The impact of wildlife management area dedication goes beyond hunting, fishing

Published 5:16 pm Wednesday, November 20, 2019

Last Wednesday, I spent part of my day covering the dedication of the Phil Bryant Wildlife Management Area, an 18,000-acre mixture of bayous, sloughs and stands of hardwoods that went under the protection of the state of Mississippi.

Your reaction to this information may be “so what?” and I wouldn’t blame you for thinking that, but the ceremony was a lot more than naming an area after the state’s governor.

Working as a reporter, I get a lot of emails, brochures and magazines from wildlife and conservation groups and organizations like the Civil War Battlefield Trust and the American Battlefield Trust discussing the need to preserve areas for the sake of conservation and elements of America’s history.

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And actions like the dedication of the Phil Bryant Wildlife Management Area are a step in that direction. The land placed under the state’s protection will not only provide area for hunting, fishing and wildlife observation, it will ensure the land is not overwhelmed by commercial development; in other words, it will not see its trees removed, its sloughs filled and bayous dammed for the construction of homes or industries.

It’s a step other states and industries have taken to make sure people have places to enjoy the natural beauty of forests and marsh areas.

When we lived in Decatur, Ala., we loved going to the Wheeler Wildlife Refuge to walk around and observe the Canadian geese that called the refuge home. In Louisiana, I enjoyed going to cover events at the state’s Port Hudson Battleground area. Here, it’s the Vicksburg National Military Park. I’ve been to the Champion Hill area and visited the Shiloh National Military Park in Tennessee.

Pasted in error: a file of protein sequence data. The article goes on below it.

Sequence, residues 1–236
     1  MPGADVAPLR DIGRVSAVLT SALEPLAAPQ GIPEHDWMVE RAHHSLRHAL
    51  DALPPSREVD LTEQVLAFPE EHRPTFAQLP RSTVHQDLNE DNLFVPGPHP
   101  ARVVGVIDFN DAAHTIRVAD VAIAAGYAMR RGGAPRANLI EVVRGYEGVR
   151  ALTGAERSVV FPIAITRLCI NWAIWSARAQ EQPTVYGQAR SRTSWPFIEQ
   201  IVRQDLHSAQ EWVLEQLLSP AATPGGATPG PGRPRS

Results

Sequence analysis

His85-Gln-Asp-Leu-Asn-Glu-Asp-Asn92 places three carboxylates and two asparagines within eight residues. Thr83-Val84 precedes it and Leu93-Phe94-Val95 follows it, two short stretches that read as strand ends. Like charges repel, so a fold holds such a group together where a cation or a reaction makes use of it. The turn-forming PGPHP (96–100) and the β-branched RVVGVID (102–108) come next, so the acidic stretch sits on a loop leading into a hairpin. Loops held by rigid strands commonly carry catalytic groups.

There are some areas I have not visited, like the Raymond Battlefield and Grand Gulf.

All of these areas enjoy something that other areas in the country do not enjoy — protection. Development in some areas in the east and southeast has overwhelmed and destroyed sections of Civil War and Revolutionary War battlefields and some wildlife areas.

I’m not a hunter and I don’t fish. I do, however, like to visit areas like Phil Bryant, or Wheeler and other areas just to enjoy the quiet.. I like history and enjoy the Military Park and Shiloh for the quiet, be close to history and learn more about the past. Shiloh has a personal connection because my great-great-grandfather was killed in the battle.

I know that as a growing country we need to develop affordable homes where people can live and businesses so they can have jobs. But we need to balance that need to expand with the need to protect the natural and historic sites for future access and use by the public.

It’s good to know that Mississippi is taking that position and that we have so many natural and historic sites within our area. If you’ve never done so, take time to go visit some of these areas and enjoy them. They’re set aside for you.


John Surratt is a staff writer for The Vicksburg Post. He can be reached at

About John Surratt

John Surratt is a graduate of Louisiana State University with a degree in general studies. He has worked as an editor, reporter and photographer for newspapers in Louisiana, Mississippi and Alabama. He has been a member of The Vicksburg Post staff since 2011 and covers city government. He and his wife attend St. Paul Catholic Church and he is a member of the Port City Kiwanis Club.

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